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I'm using the following command to list files including those in sub-directories ordered by name.

dir /b/s/on

The files are correctly ordered within their given directories but the directories are not ordered. The directories appear to be ordered by last modified date.

Is dir able to also sort directories?

Here's a screenshot of a segment of the output (obfuscated):

enter image description here

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That commands displays sub-dirs and files all intermixed and sorted alphabetically for me. – Karan Dec 24 '12 at 16:32
@Ofiris I'm using FAT32 and NTFS on W7. – Paul Fleming Dec 24 '12 at 16:35
Ok , noticed the tag now, ':' is indeed optional. – Ofiris Dec 24 '12 at 16:42
Is the obfuscated string exactly the same for all lines listed above in the screenshot? – Karan Dec 24 '12 at 16:54
@Karan. Yes, the obfuscated directory name after the drive letter is the same for all entries. It's actually inside that directory that I'm running the dir command. – Paul Fleming Dec 24 '12 at 17:34
up vote 3 down vote accepted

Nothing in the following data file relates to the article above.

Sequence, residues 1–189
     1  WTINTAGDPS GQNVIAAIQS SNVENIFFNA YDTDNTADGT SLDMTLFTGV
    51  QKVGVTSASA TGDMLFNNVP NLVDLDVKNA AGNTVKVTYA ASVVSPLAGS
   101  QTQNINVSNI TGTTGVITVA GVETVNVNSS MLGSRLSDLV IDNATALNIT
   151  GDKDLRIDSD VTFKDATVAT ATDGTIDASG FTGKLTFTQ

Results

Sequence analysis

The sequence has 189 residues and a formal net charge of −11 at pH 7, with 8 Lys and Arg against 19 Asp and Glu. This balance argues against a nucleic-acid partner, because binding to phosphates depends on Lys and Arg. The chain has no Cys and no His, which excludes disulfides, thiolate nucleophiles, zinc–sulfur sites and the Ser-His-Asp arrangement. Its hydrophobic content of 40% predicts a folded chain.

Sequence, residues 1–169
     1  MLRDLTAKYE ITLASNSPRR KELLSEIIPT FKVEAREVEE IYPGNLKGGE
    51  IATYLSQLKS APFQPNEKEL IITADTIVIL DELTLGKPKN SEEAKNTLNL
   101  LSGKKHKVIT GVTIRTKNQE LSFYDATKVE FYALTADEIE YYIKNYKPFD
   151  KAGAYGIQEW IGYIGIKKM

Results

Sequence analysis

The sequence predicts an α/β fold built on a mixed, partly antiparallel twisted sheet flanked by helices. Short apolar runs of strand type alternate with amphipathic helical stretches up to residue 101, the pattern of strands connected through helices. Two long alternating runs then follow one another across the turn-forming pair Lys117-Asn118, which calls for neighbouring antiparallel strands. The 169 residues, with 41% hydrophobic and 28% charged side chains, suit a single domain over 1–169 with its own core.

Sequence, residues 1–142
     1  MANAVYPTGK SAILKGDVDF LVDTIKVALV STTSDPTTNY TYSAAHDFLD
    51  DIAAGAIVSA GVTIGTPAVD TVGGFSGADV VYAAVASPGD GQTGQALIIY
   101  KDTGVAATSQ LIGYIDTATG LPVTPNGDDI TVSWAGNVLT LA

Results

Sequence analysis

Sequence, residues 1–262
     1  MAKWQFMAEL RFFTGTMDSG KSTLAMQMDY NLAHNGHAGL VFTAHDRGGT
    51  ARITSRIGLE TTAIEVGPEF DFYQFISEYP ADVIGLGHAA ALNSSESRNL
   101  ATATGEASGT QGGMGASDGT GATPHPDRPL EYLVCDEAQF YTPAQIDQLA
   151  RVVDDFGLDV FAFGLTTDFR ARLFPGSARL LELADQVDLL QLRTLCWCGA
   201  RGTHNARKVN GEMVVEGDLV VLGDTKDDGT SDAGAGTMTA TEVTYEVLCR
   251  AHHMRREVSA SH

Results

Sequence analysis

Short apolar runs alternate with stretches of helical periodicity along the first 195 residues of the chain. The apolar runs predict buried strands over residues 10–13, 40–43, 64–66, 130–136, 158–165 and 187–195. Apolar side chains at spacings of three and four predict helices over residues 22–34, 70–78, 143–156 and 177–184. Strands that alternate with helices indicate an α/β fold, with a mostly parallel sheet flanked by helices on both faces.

dir is tree-walking the directory but only sorting entries in the leaf directories. This is a problem because it's a FAT filesystem. On a FAT filesystem, the entries in any given directory are unsorted, causing the tree-walk to be unsorted. NTFS directories, by contrast, are always sorted.

You have a couple solutions. The easiest would be to pipe the output through sort:

dir /b/s | sort

(If you're using sort to do the ordering, there's no need for the /on option to dir.)

Your other alternative would be to use a Unix-style ls, which certainly would get this right. Examples would be the ls in either Cygwin or my own Hamilton C shell.

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Can you demonstrate DIR with the sort command? – Paul Fleming Dec 24 '12 at 17:33
Sure. Added. Hope that helps. – Nicole Hamilton Dec 24 '12 at 17:51
dir is tree-walking the directory but only sorting entries in the leaf directories. I don’t follow, are you saying that the directories in the current directory are not sorted? I just tried it in a folder with lots of files and folders on a FAT32 drive and it worked correctly from the CWD, down. – Synetech Dec 25 '12 at 15:41
FAT and FAT32 directory entries are unordered, unlike NTFS. They're in the order in which they were added. (If you copy a directory from NTFS, they will be ordered.) In the old DOS days, people used to use directory sorters to sort the entries on disk so they'd be in order when listed. – Nicole Hamilton Dec 25 '12 at 15:58
Yes, I know all that, but it does not answer the question. Your answer implies that dir /o* does not sort subdirectories in the CWD which does not seem to be the case (and would be very odd anyway). – Synetech Dec 25 '12 at 17:16

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